Tuesday, March 4, 2014

Aldens Sewing Machine: Mighty Alden

I found this Aldens sewing machine a while ago. A loooong while ago, at a local thrift store. I plugged it in, it worked, the price was right, so I took it home. I didn't have a green sewing machine, and it looked pretty cool. So, that was that. 

The day after I got it, a friend gave me this sparkling clean, mint (in color and in condition) New Home machine, and so this poor Aldens just sat on a shelf until this week. Since I really didn't need two green machines, I was going to clean him up and either sell or give it away.

My research resulted that "Aldens" was a department store in Chicago area. Many of you recognize this sewing machine as one of the badged Japanese sewing machines from the 50's~60's. Yes, it's made in Japan. Does not say who made it, however. My other green machine was made by Janome.

Cool looking. I know.  It has three feed dogs settings, "Normal", "Silk", and "EMBR" which I take it to be free motino embroidery - just drops the feed dogs.

There is a few minor scratches, but the machine is in great condition.



The actual color is brighter than it shows here in these photos, and more green than blue.
It had a Singer belt on. The belt was a bit worn.  I happened to have an extra belt that I originally ordered for my Singer 99K, however, it turned out to be a wrong size belt : (  (therefore, my 99K remains unfinished... I'll grt to her pretty soon...)

The belt fit perfectly!  Now he has a bright orange belt. And, Wow. This motor is 1.5 amp.  I think I previously said that my Pfaff 30, at 1.3 amp, is probably the most powerful sewing machine I have. I was wrong. My neglected Aldens had this 1.5 amp Westinghouse motor.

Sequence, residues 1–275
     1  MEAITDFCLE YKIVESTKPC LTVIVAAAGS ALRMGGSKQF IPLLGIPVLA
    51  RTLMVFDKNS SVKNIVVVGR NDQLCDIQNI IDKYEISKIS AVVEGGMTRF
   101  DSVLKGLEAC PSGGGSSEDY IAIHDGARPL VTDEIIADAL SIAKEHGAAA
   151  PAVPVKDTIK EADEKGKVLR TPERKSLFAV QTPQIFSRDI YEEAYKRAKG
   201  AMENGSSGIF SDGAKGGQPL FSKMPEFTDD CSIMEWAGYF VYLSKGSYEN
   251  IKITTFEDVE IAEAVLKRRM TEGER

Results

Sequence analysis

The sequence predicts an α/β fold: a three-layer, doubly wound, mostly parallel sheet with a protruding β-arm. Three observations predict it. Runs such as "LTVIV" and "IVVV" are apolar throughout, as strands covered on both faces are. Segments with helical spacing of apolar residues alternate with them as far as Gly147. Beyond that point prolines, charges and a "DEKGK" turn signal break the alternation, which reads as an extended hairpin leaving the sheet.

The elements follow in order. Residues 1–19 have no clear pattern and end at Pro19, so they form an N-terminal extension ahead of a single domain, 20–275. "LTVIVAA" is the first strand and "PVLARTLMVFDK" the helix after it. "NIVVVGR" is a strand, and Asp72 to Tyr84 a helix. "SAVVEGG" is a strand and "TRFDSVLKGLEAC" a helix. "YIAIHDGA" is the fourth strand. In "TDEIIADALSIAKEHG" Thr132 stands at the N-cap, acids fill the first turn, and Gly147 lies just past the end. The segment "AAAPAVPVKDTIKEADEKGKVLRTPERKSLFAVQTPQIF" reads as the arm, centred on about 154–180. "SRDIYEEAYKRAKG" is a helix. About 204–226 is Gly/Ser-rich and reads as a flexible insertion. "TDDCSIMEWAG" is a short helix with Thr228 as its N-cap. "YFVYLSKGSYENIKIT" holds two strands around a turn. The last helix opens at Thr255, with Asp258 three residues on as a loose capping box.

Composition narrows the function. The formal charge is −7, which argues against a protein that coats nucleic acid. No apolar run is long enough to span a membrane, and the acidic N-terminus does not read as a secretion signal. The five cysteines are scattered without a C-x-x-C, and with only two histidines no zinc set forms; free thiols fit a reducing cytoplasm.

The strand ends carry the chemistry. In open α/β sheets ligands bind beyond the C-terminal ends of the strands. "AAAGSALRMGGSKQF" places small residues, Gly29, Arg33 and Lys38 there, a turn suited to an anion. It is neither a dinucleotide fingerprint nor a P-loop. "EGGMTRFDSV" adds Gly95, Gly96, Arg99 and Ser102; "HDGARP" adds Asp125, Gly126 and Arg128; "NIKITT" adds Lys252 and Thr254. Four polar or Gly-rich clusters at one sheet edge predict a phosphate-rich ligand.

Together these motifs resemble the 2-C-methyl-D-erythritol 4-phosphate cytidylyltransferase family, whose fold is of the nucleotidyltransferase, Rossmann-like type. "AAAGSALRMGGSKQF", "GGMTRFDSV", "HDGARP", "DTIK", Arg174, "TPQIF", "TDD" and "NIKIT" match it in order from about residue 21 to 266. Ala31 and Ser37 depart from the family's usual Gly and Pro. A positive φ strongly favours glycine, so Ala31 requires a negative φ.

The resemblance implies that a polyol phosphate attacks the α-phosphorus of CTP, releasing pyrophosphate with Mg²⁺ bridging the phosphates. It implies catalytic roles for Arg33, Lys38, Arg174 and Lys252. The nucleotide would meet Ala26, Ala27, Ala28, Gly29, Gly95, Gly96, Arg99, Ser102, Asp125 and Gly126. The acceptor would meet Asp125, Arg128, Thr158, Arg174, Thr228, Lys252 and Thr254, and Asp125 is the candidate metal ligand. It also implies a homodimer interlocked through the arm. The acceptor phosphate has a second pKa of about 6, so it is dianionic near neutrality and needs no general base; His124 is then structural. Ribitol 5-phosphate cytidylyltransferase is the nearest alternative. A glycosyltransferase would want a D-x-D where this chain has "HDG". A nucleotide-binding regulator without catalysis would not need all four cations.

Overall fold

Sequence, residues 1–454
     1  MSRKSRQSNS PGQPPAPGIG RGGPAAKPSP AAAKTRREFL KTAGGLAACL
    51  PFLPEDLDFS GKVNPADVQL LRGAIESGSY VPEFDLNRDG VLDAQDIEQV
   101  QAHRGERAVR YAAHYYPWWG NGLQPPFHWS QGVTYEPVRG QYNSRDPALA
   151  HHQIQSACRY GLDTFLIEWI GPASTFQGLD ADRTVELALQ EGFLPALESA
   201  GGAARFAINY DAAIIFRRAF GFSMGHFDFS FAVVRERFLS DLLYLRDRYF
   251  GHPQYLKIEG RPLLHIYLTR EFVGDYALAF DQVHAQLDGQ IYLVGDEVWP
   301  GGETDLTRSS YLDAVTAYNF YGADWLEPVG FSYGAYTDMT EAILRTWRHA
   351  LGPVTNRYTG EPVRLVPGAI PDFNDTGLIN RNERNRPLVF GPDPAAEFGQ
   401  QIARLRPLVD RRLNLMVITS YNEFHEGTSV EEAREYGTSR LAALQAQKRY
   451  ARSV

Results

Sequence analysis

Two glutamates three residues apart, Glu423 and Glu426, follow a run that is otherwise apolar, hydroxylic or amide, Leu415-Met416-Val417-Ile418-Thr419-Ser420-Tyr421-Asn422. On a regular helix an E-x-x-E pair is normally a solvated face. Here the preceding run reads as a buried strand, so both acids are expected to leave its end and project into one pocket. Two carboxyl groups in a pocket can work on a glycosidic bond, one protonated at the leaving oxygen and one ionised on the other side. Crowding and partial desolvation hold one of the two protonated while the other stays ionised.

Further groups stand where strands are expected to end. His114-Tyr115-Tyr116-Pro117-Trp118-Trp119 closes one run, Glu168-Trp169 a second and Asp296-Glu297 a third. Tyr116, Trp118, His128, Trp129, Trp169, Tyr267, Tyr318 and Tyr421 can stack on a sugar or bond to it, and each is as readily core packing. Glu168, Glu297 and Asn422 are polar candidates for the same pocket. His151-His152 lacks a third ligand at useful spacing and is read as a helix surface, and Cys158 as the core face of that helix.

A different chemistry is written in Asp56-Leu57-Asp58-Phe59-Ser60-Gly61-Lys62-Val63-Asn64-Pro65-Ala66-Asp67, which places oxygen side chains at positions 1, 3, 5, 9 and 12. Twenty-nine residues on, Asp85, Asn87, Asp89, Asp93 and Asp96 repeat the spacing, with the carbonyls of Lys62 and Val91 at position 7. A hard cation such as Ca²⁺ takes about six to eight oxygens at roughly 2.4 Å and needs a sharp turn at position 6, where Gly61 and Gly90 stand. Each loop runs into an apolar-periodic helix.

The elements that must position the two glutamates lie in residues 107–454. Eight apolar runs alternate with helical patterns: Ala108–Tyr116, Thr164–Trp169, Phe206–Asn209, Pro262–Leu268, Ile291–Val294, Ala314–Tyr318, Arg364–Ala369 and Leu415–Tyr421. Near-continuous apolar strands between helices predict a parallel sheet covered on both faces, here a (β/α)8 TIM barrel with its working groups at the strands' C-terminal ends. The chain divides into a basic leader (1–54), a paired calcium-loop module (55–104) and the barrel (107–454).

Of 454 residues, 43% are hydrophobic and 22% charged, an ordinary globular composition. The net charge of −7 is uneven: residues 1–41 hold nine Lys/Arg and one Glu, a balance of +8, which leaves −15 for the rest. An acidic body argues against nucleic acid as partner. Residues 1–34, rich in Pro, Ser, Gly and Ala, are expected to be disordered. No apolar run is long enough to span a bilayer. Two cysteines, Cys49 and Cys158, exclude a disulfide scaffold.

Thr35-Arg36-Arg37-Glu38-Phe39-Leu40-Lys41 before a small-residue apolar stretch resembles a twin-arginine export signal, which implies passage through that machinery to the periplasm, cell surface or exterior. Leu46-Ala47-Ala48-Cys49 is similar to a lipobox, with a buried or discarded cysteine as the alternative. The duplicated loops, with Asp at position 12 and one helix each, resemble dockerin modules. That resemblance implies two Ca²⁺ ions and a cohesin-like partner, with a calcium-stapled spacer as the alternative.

The underside was pretty clean. It had some lint and dust I cleaned out, and i could tell that the machine was used some but not much. It was definitely kept in a nice & dry environment.



After adjusting the tension a bit, he sews beautifully and quietly.

He is very responsive, too.

Ha! I'm very proud of him. Pretty impressive.  Hmmmmm.  I was going to sell or give him away.  Now I have a second thought.  I think I will keep him for the time being.  He is a much stronger and smoother machine than I'd thought.  I'll definitely take him out when I need lots of power.
This VERY heavy machine came in a flimsy plastic carrying case. (What were they thinking?!) The top cover was cracked, so I tossed it.  The base is O.K.  I made him a dust cover with some leftover fabric. (ok, so I didn't iron the fabric. Forgive me, or shoot me.)

When I began collecting vintage sewing machines, I wasn't very much interested in Singer 15 clones or badged Japanese machines. I was more interested in 'stylish' or truly classic looking (like the old black Singer) that are also true workhorse as far as practicality was concerned. So, I went straight to old Singers and European made machines such as old Necchi, Elna, and Bernina.  

I somehow ended up with a couple of these Japanese badged machines, and they both surprised me. Totally exceeded my expectations.  

These are abundant, inexpensive (unless it's pink!) vintage sewing machines that I highly recommend to any sewers who don't feel the need for a free-arm. Especially to newbie sewists who have a limited budget for their first sewing machine. Rather than buying a new cheapie plastic machine for $100, why not spend $30~$50 and get a very solid, reliable, straight forward, easy-to-operate, zigzag machine that will love you and encourage you to sew? Nothing fancy. No decorative stitches or automatic embroidery function - but who needs them, really. 99% of my sewing is straight stitch and a variation of zigzag stitches. Other garment sewers out there, won't you agree? (yeah, yeah, yeah, I love my Bernina 1230, basting stitch is nice, auto buttonhole is nice, so is needle up/down, blah, blah, blah. But you can't get one for $50 and this wasn't my first machine.)